How to Plant Vegetables in January


If you live in southern Florida or Hawaii you can plant vegetables outdoors in January, but in most climate zones you must wait until after your final spring frost to set annual vegetables in the ground. You can get a head start on the season, however, when you use a cold frame, greenhouse or any warm, sunny indoor area where you can plant seeds and watch them grow until they're large enough to plant in your garden. Some vegetables do better than others when you choose this method, but with a few hints and tips, you can have success with many veggies.

Planting Vegetables in January

Step 1

Select seeds of vegetables that prefer cooler weather, such as lettuce, spinach, edible-podded peas, cabbage, Swiss chard and broccoli.

Step 2

Fill nursery flats or pots with standard potting soil and then water thoroughly, making sure water drains from the drainage holes. Wait until your pots stop dripping, then make rows for your seeds that are the correct depth for the type of seed you are planting. Rely on seed packet instructions for details.

Step 3

Scatter small seeds throughout the soil surface, then cover them with a small amount of potting soil. Drop larger seeds into the rows you made and cover them with potting soil.

Step 4

Place your pots or flats on a sheet of plastic if you will be using your house to grow your vegetables. If you are using a greenhouse or cold frame, make sure the temperature remains above freezing at night. Also make sure your pots receive as much sunlight as possible, or hang fluorescent shop lights several inches above the soil surface.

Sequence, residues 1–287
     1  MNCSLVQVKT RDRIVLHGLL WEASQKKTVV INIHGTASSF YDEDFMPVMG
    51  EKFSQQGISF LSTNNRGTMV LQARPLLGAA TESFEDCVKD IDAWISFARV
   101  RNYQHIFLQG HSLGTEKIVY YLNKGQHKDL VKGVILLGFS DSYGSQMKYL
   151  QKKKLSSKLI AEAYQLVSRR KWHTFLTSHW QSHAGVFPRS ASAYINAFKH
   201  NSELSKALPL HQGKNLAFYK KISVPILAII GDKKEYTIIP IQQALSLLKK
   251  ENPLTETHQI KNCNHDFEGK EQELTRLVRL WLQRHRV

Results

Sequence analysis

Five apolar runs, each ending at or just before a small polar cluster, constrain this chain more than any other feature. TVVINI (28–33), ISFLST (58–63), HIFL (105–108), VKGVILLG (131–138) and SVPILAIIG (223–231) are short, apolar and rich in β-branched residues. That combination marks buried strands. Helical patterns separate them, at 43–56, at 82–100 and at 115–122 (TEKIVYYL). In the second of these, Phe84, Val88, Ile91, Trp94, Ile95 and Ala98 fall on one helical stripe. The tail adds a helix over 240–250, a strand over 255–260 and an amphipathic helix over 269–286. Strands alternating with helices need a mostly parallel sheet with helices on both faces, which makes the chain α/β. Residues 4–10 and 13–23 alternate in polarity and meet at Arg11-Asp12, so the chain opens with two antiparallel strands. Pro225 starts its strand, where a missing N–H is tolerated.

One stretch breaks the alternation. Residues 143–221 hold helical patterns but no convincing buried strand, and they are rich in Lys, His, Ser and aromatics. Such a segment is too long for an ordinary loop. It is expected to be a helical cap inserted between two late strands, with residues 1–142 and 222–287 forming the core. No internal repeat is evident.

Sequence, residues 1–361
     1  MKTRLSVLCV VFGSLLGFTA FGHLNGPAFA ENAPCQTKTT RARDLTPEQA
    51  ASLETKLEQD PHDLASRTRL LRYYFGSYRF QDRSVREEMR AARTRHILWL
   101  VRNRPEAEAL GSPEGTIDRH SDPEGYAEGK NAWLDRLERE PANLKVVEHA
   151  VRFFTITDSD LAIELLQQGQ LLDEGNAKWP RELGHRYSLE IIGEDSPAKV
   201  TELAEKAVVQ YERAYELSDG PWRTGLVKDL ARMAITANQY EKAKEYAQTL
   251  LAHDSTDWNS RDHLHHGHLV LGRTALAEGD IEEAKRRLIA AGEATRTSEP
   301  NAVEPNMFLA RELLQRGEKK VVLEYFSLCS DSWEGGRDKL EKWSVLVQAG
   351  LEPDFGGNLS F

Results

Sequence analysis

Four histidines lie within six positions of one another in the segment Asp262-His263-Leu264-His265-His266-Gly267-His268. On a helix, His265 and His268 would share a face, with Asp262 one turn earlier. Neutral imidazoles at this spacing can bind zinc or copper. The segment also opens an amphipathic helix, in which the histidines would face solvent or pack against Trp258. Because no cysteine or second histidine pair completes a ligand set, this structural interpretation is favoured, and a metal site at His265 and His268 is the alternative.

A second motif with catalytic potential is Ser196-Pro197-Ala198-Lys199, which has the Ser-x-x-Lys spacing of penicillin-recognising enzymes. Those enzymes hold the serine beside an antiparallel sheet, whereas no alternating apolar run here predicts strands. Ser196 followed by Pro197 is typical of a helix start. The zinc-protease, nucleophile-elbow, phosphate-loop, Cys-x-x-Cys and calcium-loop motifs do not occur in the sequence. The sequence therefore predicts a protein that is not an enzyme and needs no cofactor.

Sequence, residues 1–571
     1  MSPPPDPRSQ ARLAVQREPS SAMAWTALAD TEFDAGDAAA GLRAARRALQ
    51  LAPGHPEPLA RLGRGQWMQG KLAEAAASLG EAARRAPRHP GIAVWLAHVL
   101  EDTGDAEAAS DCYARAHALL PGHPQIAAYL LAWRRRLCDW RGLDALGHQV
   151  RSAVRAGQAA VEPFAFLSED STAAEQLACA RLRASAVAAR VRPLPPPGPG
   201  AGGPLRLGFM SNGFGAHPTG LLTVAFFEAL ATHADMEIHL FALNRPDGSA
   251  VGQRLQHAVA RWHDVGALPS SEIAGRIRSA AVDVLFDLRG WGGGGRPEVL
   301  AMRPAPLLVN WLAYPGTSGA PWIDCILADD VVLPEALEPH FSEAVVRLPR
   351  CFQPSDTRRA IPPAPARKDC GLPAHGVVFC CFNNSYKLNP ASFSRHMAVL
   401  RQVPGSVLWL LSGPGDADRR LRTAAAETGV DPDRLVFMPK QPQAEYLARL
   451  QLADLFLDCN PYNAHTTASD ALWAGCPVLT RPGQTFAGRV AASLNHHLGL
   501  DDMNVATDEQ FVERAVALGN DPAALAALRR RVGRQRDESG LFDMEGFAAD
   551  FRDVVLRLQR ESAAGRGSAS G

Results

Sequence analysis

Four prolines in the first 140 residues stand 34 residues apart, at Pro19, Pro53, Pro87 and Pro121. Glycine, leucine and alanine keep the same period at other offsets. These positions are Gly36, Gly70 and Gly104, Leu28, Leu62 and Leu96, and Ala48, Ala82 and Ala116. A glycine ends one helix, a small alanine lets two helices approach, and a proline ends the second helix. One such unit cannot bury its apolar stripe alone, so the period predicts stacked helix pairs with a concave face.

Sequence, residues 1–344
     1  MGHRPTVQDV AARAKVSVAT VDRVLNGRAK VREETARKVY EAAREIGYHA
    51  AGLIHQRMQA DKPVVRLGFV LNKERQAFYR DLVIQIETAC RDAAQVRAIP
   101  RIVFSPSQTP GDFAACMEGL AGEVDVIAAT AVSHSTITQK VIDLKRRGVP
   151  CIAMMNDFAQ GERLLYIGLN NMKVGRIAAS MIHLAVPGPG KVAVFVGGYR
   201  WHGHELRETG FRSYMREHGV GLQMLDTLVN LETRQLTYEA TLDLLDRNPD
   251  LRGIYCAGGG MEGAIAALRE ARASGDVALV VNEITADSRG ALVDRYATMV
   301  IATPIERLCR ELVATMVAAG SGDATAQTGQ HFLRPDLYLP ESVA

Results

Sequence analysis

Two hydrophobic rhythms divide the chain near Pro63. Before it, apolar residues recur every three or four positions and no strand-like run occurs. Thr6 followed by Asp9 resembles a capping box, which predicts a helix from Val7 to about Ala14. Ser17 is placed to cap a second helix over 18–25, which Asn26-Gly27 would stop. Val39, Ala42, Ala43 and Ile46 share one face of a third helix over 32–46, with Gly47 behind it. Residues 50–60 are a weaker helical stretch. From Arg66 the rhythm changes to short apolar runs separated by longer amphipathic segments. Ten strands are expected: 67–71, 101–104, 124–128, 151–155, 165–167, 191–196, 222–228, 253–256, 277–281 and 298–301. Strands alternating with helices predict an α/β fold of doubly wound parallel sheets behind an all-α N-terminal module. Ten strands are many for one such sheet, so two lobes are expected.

Step 5

Keep the soil in your pots or flats moist at all times until you see sprouts emerging from the soil. After germination occurs, water your pots or flats every few days, or when the soil surface becomes slightly dry.

Step 6

Fertilize your young vegetables with a balanced fertilizer about one month after they germinate. After about two months, many of your plants will be ready to set in the garden. Be sure to wait until after your final frost to transplant frost-tender summer vegetables such as tomatoes.

Tips and Warnings

  • Root crops such as carrots, beets, onions and others do not transplant well, so you'll have better success if you wait until early spring to plant seeds of these vegetables outdoors.

Things You'll Need

  • Small pots or nursery flats
  • Potting soil
  • Plastic sheeting
  • Sunny location or artificial light
  • Fertilizer
  • Greenhouse (optional)
  • Cold frame (optional)


  • Washington State University: Fall and Winter Vegetable Gardens
  • Natural Hub: Grow Vegetables & Culinary Herbs in Winter
  • Purdue University: Starting Seeds Indoors
Keywords: vegetables growing, seeds starting, winter planting

About this Author

Barbara Fahs lives on Hawaii island, where she has created Hi'iaka's Healing Herb Garden. Fahs wrote "Super Simple Guide to Creating Hawaiian Gardens," and has been a professional writer since 1984. She contributes to Big Island Weekly, Ke Ola magazine, GardenGuides and eHow. She earned her B.A. at UCSB and her M.A. from San Jose State University.